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I am setting up APC (v 3.1.9) on a high-traffic WordPress installation on CentOS 6.0 64 bit.

I have figured out many of the quirks with APC, but something is still not quite right. No matter what settings I change, APC never actually caches more than 32MB. I'm trying to bump it up to 256 MB. 32MB is a default amount for apc.shm_size, so I am wondering if it's stuck there somehow.

I have run the following

echo '2147483648' > /proc/sys/kernel/shmmax

to increase my system's shared memory to 2G (half of my 4G box). Then ran

ipcs -lm

which returns

------ Shared Memory Limits --------
max number of segments = 4096
max seg size (kbytes) = 2097152
max total shared memory (kbytes) = 8388608
min seg size (bytes) = 1

Also made a change in

/etc/sysctl.conf

then ran

sysctl -p

to make the settings stick on the server. Rebooted, too, for good measure.

In my APC settings, I have mmap enabled (which happens by default in recent versions of APC). php.ini looks like:

apc.stat=0
apc.shm_size="256M"
apc.max_file_size="10M"
apc.mmap_file_mask="/tmp/apc.XXXXXX"
apc.ttl="7200"

I am aware that mmap mode will ignore references to apc.shm_segments, so I have left it out with default 1.

phpinfo() indicates the following about APC:

Version     3.1.9
APC Debugging   Disabled
MMAP Support    Enabled
MMAP File Mask  /tmp/apc.bPS7rB
Locking type    pthread mutex Locks
Serialization Support   php
Revision    $Revision: 308812 $
Build Date  Oct 11 2011 22:55:02

Directive   Local Value 
apc.cache_by_default    On  
apc.canonicalize    O
apc.coredump_unmap  Off 
apc.enable_cli  Off 
apc.enabled On  On
apc.file_md5    Off 
apc.file_update_protection  2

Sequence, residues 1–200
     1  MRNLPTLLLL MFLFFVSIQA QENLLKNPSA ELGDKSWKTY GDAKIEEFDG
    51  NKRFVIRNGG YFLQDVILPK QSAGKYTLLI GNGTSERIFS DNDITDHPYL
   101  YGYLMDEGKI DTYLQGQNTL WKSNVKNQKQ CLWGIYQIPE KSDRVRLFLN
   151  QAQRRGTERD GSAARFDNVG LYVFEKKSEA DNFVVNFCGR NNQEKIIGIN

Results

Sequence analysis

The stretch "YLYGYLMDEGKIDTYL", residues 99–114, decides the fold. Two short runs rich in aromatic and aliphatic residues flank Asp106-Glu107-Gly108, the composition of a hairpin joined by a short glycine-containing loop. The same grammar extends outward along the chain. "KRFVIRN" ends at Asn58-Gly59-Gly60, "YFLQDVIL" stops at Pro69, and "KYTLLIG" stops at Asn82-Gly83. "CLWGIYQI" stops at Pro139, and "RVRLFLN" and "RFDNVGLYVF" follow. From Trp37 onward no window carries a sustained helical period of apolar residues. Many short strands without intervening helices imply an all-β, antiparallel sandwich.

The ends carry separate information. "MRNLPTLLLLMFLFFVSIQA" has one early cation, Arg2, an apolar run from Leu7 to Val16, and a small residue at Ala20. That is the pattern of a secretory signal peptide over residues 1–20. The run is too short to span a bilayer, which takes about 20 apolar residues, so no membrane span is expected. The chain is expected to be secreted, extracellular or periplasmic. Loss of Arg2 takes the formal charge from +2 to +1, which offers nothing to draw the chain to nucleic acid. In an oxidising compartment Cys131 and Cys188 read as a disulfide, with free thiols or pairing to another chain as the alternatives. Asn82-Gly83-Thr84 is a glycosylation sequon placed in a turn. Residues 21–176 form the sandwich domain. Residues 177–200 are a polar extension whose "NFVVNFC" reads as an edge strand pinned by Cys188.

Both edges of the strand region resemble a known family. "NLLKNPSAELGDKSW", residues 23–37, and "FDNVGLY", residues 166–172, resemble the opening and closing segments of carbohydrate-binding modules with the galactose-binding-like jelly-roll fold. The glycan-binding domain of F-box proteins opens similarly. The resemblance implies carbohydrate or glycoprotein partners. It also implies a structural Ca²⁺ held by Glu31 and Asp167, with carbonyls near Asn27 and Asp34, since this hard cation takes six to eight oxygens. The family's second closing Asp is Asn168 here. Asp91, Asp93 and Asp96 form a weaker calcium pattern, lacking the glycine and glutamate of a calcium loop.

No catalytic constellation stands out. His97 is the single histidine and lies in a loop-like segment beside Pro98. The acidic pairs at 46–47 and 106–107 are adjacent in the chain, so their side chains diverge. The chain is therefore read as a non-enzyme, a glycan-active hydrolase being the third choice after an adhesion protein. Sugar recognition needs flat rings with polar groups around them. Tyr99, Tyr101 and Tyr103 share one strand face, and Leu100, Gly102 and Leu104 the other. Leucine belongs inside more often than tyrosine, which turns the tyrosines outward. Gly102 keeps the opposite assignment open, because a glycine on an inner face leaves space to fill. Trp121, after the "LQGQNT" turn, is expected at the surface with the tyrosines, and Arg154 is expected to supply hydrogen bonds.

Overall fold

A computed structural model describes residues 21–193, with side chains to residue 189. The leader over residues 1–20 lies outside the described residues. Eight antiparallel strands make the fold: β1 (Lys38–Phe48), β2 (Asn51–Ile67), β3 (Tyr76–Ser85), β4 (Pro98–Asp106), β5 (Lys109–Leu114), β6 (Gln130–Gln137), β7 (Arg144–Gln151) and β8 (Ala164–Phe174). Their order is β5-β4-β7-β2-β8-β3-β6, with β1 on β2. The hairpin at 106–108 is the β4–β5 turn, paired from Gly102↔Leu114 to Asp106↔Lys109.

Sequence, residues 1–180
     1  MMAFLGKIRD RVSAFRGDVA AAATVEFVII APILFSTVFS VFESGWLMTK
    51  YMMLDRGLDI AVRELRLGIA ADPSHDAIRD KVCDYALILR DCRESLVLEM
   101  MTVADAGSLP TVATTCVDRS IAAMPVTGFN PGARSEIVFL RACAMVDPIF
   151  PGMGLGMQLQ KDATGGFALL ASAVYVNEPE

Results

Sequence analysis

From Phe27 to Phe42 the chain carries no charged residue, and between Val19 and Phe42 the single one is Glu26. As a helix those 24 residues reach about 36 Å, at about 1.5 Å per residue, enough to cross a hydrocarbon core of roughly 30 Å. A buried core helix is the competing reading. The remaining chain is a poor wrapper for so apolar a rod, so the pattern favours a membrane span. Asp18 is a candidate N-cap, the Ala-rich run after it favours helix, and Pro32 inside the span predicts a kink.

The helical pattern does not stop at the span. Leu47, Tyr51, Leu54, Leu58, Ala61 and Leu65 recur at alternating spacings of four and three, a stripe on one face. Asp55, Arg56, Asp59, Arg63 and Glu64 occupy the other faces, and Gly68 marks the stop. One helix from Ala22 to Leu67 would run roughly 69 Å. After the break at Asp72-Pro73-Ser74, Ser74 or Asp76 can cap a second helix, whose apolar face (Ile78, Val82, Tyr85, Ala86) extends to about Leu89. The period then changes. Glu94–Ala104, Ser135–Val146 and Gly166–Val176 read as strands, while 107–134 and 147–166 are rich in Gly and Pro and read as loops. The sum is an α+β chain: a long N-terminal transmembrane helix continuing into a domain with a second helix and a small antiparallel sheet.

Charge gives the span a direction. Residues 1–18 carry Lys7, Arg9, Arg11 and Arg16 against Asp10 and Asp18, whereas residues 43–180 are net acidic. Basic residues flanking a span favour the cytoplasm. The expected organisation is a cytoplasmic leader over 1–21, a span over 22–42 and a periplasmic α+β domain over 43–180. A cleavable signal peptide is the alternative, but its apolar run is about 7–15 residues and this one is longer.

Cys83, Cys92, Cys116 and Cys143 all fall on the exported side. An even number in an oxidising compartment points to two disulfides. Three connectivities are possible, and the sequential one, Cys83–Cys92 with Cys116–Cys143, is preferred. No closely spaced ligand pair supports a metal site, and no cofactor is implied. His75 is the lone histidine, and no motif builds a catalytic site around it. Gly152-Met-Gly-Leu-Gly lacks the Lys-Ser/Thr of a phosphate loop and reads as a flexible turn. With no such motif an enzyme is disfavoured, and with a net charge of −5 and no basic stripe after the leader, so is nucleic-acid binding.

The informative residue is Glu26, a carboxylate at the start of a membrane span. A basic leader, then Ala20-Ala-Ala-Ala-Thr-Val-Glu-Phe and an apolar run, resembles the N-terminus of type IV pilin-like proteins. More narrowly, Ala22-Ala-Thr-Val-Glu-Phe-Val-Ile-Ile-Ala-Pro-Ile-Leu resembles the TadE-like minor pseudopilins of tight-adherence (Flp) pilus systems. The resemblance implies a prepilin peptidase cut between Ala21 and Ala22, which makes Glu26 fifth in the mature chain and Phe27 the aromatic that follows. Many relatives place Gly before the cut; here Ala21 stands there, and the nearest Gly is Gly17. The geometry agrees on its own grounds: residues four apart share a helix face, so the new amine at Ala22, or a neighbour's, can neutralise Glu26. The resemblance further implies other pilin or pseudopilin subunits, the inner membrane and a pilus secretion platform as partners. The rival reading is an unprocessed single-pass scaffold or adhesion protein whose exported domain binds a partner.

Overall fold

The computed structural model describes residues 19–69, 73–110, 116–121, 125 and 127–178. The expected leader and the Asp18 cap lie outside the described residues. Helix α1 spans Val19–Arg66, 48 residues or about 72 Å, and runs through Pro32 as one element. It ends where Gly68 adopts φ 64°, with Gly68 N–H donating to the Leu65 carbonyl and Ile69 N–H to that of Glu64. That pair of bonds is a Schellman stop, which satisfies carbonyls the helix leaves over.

apc.filters no value    
apc.gc_ttl  3600    
apc.include_once_override   Off 
apc.lazy_classes    Off 
apc.lazy_functions  Off 
apc.max_file_size   10M 
apc.mmap_file_mask  /tmp/apc.bPS7rB 
apc.num_files_hint  1000    
apc.preload_path    no value    
apc.report_autofilter   Off 
apc.rfc1867 Off 
apc.rfc1867_freq    0   
apc.rfc1867_name    APC_UPLOAD_PROGRESS
apc.rfc1867_prefix  upload_ 
apc.rfc1867_ttl 3600    
apc.serializer  default 
apc.shm_segments    1   
apc.shm_size    256M    
apc.slam_defense    On  
apc.stat    Off 
apc.stat_ctime  Off 
apc.ttl 7200    
apc.use_request_time    On  
apc.user_entries_hint   4096    
apc.user_ttl    0   
apc.write_lock  On  

apc.php reveals the following graph, no matter how long the server runs (cache size fluctuates and hovers at just under 32MB.

See image http://i.stack.imgur.com/2bwMa.png

You can see that the cache is trying to allocate 256MB, but the brown piece of the pie keeps getting recycled at 32MB. This is confirmed as refreshing the apc.php page shows cached file counts that move up and down (implying that the cache is not holding onto all of its files).

Does anyone have an idea of how to get APC to use more than 32 MB for its cache size??

**Note that the identical behavior occurs for eaccelerator, xcache, and APC. I read here:

http://www.litespeedtech.com/support/forum/archive/index.php/t-5072.html

that suEXEC could cause this problem.

share|improve this question
    
Maybe it's a bug. Simplify your APC php.ini settings and see if it makes any difference. i.e. You probably need to only specify apc.shm_size=256M –  HTTP500 Oct 12 '11 at 17:50
    
It makes a difference in the available memory, but never gets past 32 MB. This has been the case for eaccelerator, xcache, and APC. Could suEXEC be the culprit here? –  hardy101 Oct 15 '11 at 3:46